“Into the Light: The Healing Art of Kalman Aron” is at Los Angeles Museum of the Holocaust now through Oct. 4, and explores the artist’s portraits of adults and children in all media in the United States, England and the European Continent.
Born in Riga, Latvia in 1924, Aron began drawing as a young child and had his first gallery show at age seven. By age 13, Aron was commissioned to paint the official portrait of the Latvian President.
Aron’s life changed in 1941 when the Germans invaded Latvia, killing his parents. Aron was moved to the Riga ghetto and later to a series of concentration camps, including Buchenwald and Theresienstadt. Aron occasionally drew portraits of concentration camp guards in exchange for food..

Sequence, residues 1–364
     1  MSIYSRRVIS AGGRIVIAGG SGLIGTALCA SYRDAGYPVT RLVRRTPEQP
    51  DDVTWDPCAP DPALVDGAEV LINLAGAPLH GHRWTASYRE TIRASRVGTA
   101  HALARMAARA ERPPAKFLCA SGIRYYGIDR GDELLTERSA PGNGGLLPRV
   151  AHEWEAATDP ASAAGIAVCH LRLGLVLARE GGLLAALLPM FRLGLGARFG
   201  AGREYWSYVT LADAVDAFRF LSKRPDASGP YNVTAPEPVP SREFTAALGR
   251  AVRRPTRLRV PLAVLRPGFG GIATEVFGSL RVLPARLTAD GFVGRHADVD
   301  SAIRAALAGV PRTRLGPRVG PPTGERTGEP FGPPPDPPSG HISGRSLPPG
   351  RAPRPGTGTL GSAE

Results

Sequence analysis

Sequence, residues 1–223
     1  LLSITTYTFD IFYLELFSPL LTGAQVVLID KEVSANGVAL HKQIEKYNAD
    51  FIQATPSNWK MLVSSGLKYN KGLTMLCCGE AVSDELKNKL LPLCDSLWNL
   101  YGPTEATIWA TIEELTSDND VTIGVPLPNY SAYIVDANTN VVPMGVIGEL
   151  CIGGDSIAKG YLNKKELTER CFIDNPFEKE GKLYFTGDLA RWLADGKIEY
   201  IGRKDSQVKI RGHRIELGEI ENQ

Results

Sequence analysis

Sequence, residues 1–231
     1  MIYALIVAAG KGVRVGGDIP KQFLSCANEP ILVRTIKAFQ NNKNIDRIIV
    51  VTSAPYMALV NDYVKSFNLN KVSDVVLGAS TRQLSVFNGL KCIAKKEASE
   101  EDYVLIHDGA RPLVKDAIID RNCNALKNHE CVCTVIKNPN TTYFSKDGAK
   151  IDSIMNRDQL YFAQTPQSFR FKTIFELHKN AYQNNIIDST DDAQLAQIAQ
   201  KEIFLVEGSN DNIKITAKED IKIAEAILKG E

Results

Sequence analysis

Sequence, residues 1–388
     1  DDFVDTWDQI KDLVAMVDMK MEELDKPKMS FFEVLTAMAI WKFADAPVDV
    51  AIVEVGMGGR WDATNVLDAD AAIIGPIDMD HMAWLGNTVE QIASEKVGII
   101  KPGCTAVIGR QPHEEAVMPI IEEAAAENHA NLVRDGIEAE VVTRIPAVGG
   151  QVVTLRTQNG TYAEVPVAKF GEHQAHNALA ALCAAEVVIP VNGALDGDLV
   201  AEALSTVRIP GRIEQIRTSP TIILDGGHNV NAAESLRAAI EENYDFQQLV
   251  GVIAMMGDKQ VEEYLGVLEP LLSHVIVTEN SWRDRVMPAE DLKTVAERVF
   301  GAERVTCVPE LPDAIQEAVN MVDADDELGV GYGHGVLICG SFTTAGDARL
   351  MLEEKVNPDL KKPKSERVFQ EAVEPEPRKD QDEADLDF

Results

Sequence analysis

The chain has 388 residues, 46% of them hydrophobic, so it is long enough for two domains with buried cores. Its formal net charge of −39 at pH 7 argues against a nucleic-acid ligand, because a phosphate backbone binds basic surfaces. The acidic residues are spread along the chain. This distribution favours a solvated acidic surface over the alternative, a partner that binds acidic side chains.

He emigrated to America, settling in Los Angeles in 1949. Aron began his career in Los Angeles painting pastels of children and later became known for his portraits, vibrant landscapes and intriguing studies of people in his unique style, “psychological realism.”
For more information about the exhibit, visit www.lamoth.com or call (323)651-3704.
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